Here's some excerpts:
Although twenty-six of the sonnets are love poems addressed to a married woman (the "Dark Lady"), one hundred and twenty-six addressed to a young man (known as the "Fair Lord"). The amorous tone of the latter group, which focus on the young man's beauty, have been interpreted as evidence for Shakespeare's bisexuality, although others interpret them as referring to intense friendship, not sexual love....
....The most commonly-cited example is a number of comedies, such as Twelfth Night and As You Like It which contain comic situations in which a woman poses as a man, a device that exploits the fact that in Shakespeare's day women's roles were played by boys. While the situations thus presented are heterosexual in terms of the story, the stage image of men wooing and and kissing may well have been titillating to those of a homosexual orientation, and while other dramatists occasionally used the same device, Shakespeare seems to have had an exceptional preference for it, using it in five of his plays.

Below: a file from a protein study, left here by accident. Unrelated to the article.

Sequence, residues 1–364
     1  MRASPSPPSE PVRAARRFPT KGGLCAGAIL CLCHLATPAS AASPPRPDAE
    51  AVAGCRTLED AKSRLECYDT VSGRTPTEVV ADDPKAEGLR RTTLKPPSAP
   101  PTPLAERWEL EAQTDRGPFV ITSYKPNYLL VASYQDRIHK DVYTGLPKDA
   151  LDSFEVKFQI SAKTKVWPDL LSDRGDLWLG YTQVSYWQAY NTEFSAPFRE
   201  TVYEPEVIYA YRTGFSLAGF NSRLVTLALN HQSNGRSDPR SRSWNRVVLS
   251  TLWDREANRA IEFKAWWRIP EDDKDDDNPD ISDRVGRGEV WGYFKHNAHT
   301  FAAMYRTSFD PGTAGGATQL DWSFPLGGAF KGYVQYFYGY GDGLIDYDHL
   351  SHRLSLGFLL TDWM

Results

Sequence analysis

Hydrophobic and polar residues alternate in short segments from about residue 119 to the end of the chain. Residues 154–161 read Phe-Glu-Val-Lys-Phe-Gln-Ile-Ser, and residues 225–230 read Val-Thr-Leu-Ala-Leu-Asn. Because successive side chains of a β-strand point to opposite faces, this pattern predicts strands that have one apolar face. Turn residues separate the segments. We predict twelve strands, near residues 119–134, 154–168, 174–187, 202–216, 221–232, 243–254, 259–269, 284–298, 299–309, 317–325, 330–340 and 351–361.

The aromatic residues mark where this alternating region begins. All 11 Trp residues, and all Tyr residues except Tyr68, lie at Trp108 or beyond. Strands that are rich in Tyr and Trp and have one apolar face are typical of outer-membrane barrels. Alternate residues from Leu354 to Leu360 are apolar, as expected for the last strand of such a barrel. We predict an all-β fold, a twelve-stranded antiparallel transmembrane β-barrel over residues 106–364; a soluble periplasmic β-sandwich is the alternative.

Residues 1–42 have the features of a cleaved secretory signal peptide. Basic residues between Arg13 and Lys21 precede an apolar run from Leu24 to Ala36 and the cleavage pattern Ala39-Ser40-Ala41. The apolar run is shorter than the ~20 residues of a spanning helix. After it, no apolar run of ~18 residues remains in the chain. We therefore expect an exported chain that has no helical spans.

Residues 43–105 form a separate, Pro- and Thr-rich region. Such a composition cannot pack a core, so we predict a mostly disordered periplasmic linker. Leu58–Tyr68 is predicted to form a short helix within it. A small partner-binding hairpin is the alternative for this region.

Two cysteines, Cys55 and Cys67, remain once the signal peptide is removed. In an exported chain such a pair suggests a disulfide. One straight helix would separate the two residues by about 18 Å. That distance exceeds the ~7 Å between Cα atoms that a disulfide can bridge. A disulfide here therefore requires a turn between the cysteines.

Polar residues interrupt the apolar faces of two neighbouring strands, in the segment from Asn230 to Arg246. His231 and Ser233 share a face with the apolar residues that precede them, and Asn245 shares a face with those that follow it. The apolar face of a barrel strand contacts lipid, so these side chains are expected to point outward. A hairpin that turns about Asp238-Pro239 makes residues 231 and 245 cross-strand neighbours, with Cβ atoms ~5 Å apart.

Kinda Interesting. :)